Bulut O, Nielsen CB, Jespersen N. Single-port access laparoscopic surgery for rectal cancer: Initial experience with 10 cases. Dis Colon Rectum 2011;54:803-9.  Back to cited text no. 7
Lauritsen ML, Bulut O. Single-port access laparoscopic abdominoperineal resection through the colostomy site: A case report. Tech Coloproctol 2012;16:175-7.  Back to cited text no. 8
Weiss H, Zorron R, Vestweber KH, Vestweber B, Boni L, Brunner W, et al. ECSPECT prospective multicentre registry for single-port laparoscopic colorectal procedures. Br J Surg 2017;104:128-37.  Back to cited text no. 9
Danish Colorectal Cancer Group - accessed at: [Last accessed on 2017 Jun 14].  Back to cited text no. 10
Holm T, Ljung A, Häggmark T, Jurell G, Lagergren J. Extended abdominoperineal resection with gluteus maximus flap reconstruction of the pelvic floor for rectal cancer. Br J Surg 2007;94:232-8.  Back to cited text no. 11
Kim SJ, Ryu GO, Choi BJ, Kim JG, Lee KJ, Lee SC, et al. The short-term outcomes of conventional and single-port laparoscopic surgery for colorectal cancer. Ann Surg 2011;254:933-40.  Back to cited text no. 12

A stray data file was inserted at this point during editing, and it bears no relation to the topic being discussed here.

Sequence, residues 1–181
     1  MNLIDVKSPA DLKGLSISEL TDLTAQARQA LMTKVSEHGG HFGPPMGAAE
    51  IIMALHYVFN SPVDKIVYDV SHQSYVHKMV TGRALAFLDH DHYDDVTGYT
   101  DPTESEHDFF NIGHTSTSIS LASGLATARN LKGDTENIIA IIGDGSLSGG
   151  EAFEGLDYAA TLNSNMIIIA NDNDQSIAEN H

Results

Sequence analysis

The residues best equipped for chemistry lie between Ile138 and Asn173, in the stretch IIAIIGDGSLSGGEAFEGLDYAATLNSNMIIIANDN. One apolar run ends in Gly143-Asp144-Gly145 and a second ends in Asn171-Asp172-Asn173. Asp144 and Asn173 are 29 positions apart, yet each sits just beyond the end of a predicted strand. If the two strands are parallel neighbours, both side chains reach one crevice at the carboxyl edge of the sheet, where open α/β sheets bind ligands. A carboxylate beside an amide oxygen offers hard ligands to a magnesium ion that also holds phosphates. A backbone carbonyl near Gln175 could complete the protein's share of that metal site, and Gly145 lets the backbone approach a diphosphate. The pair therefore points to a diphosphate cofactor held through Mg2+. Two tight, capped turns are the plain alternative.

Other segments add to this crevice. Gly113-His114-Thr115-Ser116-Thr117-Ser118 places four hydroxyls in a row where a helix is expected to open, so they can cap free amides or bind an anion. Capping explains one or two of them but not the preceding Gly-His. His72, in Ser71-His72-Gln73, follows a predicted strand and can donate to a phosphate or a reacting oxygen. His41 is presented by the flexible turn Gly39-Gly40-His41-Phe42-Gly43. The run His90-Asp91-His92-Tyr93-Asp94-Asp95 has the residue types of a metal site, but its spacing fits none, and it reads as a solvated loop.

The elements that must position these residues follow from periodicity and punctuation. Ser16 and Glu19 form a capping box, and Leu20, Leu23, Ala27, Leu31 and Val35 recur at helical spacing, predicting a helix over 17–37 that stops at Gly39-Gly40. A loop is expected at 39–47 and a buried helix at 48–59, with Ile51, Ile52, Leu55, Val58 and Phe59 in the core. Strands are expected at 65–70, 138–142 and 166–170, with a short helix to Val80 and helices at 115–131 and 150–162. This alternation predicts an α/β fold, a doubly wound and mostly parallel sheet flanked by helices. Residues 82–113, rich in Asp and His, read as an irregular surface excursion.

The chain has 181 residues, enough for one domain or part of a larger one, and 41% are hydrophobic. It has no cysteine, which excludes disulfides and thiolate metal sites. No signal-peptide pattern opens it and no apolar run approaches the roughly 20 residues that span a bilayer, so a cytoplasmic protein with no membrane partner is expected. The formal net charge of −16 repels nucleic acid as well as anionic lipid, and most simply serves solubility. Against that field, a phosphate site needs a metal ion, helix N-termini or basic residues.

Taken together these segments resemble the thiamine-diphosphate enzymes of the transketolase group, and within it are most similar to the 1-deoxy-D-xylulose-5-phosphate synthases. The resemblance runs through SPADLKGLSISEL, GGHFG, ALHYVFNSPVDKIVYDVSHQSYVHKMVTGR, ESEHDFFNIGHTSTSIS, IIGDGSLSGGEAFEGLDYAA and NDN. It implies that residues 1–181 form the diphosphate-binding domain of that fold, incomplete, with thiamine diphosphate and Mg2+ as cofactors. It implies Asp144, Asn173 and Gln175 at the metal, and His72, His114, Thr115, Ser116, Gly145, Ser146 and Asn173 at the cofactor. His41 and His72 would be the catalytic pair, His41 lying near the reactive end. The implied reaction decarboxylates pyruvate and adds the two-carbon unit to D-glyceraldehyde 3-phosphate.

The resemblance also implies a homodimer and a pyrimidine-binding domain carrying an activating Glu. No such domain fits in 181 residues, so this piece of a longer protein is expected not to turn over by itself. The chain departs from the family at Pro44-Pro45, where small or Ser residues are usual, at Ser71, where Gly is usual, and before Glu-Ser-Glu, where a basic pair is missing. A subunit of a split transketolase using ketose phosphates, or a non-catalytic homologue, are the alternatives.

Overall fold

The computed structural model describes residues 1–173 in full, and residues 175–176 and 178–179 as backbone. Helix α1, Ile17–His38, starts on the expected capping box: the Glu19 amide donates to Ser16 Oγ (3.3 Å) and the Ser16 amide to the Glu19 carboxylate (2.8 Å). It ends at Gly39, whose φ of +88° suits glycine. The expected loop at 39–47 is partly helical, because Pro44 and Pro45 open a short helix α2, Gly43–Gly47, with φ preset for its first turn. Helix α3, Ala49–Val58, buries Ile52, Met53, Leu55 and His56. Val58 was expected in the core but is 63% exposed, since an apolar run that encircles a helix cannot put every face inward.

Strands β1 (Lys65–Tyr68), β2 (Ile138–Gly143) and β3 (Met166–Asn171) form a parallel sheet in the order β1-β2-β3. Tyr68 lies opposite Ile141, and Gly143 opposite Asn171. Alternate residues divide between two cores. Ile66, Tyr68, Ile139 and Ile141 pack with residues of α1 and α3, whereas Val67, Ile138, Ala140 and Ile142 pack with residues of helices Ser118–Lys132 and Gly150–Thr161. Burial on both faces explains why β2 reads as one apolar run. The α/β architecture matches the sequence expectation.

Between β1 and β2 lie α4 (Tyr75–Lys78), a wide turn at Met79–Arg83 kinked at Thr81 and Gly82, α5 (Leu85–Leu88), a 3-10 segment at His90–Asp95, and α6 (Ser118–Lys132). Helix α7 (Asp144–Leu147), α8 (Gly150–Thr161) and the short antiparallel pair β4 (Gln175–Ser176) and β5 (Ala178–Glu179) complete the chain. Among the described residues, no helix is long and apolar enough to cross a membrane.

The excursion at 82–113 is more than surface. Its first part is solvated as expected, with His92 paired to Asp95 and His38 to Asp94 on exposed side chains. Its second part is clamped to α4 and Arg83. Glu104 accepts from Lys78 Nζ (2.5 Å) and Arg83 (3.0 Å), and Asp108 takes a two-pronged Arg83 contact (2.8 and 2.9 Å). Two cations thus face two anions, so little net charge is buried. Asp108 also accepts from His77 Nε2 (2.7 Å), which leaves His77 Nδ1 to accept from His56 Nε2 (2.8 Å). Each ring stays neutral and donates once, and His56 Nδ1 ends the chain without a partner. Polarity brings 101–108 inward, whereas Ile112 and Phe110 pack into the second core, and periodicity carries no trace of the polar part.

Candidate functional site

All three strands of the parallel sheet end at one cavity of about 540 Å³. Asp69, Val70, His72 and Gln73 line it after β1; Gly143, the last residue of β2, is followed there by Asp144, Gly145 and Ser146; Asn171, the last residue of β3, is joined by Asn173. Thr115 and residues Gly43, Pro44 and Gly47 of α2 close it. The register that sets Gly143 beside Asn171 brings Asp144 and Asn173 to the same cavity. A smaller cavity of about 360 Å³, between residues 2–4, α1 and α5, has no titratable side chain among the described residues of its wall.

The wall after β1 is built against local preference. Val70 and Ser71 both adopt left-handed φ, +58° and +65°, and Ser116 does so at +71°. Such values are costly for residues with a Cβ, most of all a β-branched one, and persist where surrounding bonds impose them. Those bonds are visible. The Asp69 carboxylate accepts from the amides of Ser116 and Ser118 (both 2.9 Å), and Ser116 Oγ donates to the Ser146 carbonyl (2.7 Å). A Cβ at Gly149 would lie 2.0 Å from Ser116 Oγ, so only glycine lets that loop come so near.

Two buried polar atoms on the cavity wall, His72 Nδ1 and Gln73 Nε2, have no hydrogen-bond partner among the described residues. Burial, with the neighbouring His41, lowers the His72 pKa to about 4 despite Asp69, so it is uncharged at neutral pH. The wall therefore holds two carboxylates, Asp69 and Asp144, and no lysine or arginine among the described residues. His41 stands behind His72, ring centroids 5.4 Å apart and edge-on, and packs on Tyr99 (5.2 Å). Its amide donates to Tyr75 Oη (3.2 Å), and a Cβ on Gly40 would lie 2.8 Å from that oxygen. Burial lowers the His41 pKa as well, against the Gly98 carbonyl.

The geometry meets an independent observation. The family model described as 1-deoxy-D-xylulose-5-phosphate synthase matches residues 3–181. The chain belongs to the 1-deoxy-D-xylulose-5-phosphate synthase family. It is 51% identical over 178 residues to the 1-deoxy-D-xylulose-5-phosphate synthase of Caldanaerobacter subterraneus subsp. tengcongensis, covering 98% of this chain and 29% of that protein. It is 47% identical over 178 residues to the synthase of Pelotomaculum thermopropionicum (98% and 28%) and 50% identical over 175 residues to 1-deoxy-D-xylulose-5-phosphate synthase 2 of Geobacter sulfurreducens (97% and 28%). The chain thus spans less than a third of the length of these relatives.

Chambers WM, Bicsak M, Lamparelli M, Dixon AR. Single-incision laparoscopic surgery (SILS) in complex colorectal surgery: A technique offering potential and not just cosmesis. Colorectal Dis 2011;13:393-8.  Back to cited text no. 13
Yang TX, Chua TC. Single-incision laparoscopic colectomy versus conventional multiport laparoscopic colectomy: A meta-analysis of comparative studies. Int J Colorectal Dis 2013;28:89-101.  Back to cited text no. 14
Hua-Feng P, Zhi-Wei J, Gang W, Xin-Xin L, Feng-Tao L. A novel approach for the resection of low rectal cancer. Surg Laparosc Endosc Percutan Tech 2012;22:537-41.  Back to cited text no. 15
Maggiori L, Gaujoux S, Tribillon E, Bretagnol F, Panis Y. Single-incision laparoscopy for colorectal resection: A systematic review and meta-analysis of more than a thousand procedures. Colorectal Dis 2012;14:e643-54.  Back to cited text no. 16
Mynster T, Wille-Jørgensen P. Single incision laparoscopic surgery: New 'toys for boys'? Colorectal Dis 2011;13:351.  Back to cited text no. 17


  [Table 1], [Table 2], [Table 3], [Table 4]